From the Inside Out: Adjusting to life without bars

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Above, EPOCA member Jay McCcune gets ready to head to Boston to lobby for better policies aimed at helping ex-prisoners return to society/Elizabeth Brooks photo
Bill Shaner
Worcester Magazine
June 22, 2017

After he was released from state prison, it took 36-year-old Tim Peak of Worcester two months to get a state I.D. He said he couldn’t even get a library card, his only access at the time to a computer.

A week and a half after Mariousz Bezak, 39, of Webster, was released from the Worcester County House of Corrections, he found out his license was revoked for life, and had no opportunity to develop an alternate plan for transportation before learning that.

Christopher Williams of Lawrence was recently released from the Worcester County House of Corrections, and applied for emergency assistance through the state welfare program, but was told he needs to first see a doctor. The waiting list for his doctor is 90 days.

Thirty-nine-year-old Jason Ludwig of Lynn, who now works for the Worcester-based Straight Ahead Ministries, spent nine and a half years in and out of prison. When he was released, he would skip a court date, get drunk and into trouble, revert back to stealing for money, and wind up right back where he started. It took a religious experience and a found family to pull him out of the cycle.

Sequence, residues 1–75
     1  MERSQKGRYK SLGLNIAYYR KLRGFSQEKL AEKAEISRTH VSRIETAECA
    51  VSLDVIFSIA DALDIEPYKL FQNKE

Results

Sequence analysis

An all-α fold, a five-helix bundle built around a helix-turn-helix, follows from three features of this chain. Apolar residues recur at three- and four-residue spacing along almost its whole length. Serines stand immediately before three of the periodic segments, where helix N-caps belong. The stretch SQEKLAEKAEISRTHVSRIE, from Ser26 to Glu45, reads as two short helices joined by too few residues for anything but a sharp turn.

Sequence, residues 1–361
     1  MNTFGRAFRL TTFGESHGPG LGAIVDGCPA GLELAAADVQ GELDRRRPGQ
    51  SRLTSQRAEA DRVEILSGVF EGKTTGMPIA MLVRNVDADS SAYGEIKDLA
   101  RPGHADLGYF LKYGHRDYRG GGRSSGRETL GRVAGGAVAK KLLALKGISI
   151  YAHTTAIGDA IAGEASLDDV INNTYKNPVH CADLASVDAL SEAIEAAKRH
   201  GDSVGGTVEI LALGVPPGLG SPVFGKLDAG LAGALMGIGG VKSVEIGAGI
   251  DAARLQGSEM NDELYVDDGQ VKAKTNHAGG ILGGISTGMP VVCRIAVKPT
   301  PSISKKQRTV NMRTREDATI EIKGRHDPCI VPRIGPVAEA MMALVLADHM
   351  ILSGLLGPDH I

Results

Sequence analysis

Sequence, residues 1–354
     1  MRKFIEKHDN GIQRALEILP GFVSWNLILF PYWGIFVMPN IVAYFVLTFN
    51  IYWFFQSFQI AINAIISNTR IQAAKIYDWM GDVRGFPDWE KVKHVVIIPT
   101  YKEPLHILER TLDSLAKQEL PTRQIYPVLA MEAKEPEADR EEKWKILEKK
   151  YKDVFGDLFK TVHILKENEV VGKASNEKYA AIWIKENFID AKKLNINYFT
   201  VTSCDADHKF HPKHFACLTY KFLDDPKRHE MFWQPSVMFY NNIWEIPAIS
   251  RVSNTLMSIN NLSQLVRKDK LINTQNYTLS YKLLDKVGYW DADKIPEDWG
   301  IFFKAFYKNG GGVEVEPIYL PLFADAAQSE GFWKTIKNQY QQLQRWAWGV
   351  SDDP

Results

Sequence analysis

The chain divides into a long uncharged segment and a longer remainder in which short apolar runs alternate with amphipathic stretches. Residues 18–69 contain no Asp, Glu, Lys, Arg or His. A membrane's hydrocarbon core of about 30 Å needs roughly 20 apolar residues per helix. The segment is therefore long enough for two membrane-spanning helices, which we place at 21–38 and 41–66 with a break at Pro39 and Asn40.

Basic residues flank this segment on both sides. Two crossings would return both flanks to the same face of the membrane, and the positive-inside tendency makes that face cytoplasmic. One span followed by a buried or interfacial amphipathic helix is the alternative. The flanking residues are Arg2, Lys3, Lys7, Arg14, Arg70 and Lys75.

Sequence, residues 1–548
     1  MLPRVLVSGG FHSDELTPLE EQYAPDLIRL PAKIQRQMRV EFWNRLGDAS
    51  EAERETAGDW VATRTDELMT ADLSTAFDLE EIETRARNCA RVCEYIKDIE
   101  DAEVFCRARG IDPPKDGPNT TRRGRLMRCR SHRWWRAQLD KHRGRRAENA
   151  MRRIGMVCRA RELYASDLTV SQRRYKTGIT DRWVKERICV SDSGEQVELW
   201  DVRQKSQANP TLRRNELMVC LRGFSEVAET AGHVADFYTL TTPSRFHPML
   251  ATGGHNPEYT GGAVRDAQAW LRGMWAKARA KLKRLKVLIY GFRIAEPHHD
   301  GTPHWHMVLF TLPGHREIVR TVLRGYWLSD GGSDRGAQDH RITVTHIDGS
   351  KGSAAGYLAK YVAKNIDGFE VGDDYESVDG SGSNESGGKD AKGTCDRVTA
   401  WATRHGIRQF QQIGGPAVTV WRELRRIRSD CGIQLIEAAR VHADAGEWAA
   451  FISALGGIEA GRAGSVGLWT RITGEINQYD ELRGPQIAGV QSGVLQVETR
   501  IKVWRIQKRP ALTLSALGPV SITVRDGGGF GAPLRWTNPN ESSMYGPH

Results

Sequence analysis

CURBING RECIDIVISM

Their stories are all too common among returning citizens (a preferred term for men and women who have previously served prison terms), who struggle to find work, to find housing, to find a place in society that won’t drag them back into old habits, and to navigate a justice system eager to suck ex-convicts back in with default warrants, probation violations, random drug tests and endless fees.

The individual stories above are among thousands that contribute to a roughly 44-percent recidivism rate among Massachusetts inmates, a rate estimated to cost the state $450 million a year. The days, weeks and months following release from prison are fraught with pitfalls, both bureaucratic and of the returning citizen’s own making. Many local advocates and returning citizens feel state institutions provide woefully-inadequate re-entry service, leaving vulnerable people in near-impossible situations.